ALL INDIA FORUM FOR RIGHT TO EDUCATION
Observe 11th April as ‘Mahatma Phule Common Education System Day’
All India Forum for Right to Education (AIFRTE) calls to observe 187th Birth Anniversary of Mahatma Jotirao Phule on 11th April as ‘Mahatma Phule Day of Struggle to End Commercialisation and Communalisation of Education and to Build Common Education System from ‘KG to PG’ to Provide Free Education of Equitable Quality’ to foster a democratic, secular, just and enlightened society as envisioned in our Constitution. At a time when dangerous forces of neoliberal commercialisation and communalisation are making deep inroads in the education system of our country, it is essential to recall and reclaim the historical legacy and vision of Mahatma Phule, not only as a symbol of resistance against these pernicious forces but also as a symbol of an egalitarian and just society that he stood for and for which we continue to struggle. It is also essential to remember that Phule was not only a fierce critic of the inhuman caste system which has caused subjugation of vast masses of Indian people, he was in equal measure a visionary who stood for radically reconstructing the society on basis of equality by annihilating caste and patriarchy.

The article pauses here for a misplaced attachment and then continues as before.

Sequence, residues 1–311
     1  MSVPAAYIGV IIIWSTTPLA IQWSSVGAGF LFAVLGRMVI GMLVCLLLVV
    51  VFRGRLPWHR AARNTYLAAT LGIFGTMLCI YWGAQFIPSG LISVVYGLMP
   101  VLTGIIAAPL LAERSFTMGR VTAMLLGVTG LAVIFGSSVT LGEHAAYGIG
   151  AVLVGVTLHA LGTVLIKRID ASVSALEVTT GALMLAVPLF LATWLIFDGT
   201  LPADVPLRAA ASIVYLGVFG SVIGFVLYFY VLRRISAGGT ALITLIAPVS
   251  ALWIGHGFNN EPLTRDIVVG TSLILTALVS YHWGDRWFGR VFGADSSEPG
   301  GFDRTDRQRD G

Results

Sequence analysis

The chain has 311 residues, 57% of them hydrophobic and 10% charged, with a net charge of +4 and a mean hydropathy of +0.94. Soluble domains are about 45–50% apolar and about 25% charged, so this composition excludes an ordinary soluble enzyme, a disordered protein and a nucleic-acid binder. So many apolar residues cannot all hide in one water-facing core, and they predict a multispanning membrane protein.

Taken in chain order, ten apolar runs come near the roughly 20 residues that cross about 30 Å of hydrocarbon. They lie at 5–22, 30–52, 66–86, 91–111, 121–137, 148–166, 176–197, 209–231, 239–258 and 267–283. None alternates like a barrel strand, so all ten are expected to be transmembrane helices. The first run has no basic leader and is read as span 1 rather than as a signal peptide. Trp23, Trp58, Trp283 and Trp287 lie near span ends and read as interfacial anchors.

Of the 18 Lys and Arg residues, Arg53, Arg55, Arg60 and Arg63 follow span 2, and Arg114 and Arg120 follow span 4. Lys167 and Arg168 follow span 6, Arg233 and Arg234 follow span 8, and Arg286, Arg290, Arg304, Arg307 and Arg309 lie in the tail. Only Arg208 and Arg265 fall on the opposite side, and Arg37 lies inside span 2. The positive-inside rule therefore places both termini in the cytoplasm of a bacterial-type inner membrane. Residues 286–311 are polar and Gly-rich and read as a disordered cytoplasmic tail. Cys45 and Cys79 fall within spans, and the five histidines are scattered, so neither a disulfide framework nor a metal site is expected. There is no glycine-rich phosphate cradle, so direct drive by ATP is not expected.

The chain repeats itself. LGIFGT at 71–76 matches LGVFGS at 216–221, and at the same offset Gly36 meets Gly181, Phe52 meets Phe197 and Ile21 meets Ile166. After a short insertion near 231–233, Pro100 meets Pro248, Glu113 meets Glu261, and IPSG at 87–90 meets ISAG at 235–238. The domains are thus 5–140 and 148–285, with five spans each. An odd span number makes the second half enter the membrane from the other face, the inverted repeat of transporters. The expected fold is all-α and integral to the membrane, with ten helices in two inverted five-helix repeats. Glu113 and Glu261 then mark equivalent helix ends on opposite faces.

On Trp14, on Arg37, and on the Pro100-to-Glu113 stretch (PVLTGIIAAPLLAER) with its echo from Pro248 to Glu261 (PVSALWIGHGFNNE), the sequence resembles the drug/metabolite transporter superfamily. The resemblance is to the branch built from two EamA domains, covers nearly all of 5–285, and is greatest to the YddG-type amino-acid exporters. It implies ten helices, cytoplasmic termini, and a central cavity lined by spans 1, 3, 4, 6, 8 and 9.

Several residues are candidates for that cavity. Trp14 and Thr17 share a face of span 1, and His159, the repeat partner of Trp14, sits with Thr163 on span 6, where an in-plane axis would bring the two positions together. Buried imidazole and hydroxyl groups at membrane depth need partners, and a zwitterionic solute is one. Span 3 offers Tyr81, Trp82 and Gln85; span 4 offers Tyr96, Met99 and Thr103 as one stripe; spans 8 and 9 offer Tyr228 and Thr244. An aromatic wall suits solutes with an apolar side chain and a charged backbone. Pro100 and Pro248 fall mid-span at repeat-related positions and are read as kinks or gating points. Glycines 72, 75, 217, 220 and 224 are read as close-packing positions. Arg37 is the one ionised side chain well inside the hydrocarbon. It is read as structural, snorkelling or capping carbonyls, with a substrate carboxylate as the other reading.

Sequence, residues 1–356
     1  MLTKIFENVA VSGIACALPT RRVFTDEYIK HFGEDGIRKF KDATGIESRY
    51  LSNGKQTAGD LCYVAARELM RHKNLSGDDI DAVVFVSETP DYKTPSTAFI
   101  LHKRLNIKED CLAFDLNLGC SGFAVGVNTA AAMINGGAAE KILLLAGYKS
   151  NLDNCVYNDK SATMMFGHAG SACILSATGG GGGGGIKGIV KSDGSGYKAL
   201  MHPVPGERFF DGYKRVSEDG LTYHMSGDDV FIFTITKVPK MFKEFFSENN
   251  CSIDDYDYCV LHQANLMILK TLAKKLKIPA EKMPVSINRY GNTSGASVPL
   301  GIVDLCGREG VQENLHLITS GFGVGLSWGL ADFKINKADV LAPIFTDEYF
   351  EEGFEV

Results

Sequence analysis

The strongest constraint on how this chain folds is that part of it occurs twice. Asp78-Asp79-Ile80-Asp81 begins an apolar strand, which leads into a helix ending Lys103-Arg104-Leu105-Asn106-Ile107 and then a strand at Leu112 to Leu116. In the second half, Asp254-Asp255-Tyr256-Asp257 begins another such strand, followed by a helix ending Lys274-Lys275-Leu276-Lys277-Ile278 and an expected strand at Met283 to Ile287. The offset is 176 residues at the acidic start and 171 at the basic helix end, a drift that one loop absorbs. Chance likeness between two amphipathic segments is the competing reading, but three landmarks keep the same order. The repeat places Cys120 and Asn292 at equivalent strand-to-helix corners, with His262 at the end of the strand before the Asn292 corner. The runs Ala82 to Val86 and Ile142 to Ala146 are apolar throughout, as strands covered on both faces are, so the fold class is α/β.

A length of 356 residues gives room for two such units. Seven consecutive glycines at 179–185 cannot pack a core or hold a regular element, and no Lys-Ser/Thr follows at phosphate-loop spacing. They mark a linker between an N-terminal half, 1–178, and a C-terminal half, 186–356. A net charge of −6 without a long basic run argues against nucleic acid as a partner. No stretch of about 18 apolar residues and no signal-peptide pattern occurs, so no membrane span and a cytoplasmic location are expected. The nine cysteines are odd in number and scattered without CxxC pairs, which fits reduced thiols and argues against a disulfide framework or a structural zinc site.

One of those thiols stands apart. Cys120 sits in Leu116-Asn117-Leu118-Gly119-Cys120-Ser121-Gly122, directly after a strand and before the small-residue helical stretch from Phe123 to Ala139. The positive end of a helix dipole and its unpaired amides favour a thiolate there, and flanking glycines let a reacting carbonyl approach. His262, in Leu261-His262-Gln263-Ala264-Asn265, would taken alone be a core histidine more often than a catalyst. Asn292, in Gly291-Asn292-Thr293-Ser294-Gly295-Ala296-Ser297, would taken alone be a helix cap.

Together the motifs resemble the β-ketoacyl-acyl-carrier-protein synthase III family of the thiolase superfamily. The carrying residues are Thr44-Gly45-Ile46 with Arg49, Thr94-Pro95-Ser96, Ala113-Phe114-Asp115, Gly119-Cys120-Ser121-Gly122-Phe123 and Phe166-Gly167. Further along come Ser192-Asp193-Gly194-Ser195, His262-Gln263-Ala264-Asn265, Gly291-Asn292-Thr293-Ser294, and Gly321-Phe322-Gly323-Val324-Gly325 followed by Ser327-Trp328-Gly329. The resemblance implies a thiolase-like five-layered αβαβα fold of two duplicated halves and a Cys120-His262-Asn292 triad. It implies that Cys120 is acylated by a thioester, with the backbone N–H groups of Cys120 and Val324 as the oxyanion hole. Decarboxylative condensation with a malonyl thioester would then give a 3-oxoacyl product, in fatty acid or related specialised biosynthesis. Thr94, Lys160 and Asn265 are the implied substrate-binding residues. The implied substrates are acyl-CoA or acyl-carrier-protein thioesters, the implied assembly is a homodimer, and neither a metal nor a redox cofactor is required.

Born into a backward caste family on 11th April 1827 in Maharashtra, Phule had experienced and closely observed the cruelty of caste-system which deprived a large majority of labouring masses of a place of dignity in the society. Deeply enraged by the exploitative nature of caste-system, he waged a historical struggle against it. It would be no exaggeration to say that he was probably the first visionary of modern India who established that India cannot become a humane and just society until and unless caste-system is wiped out of this country in its entirety. He was not only critical of caste-system, but was equally concerned at the subjugation of women. It was out of this concern that Jotirao Phule along with another visionary Savitribai Phule established first ever school in India for girls of backward and Dalit communities in 1848. However, not bound by any exclusivist agenda, they established another school in 1851 for girls of all castes. Thus, Jotirao Phule and Savitribai Phule are the proponents of ‘Common School System’ in India where children from all segments of the society can pursue education with equality and without any discrimination whatsoever.
The Historical Legacy of Mahatma Phule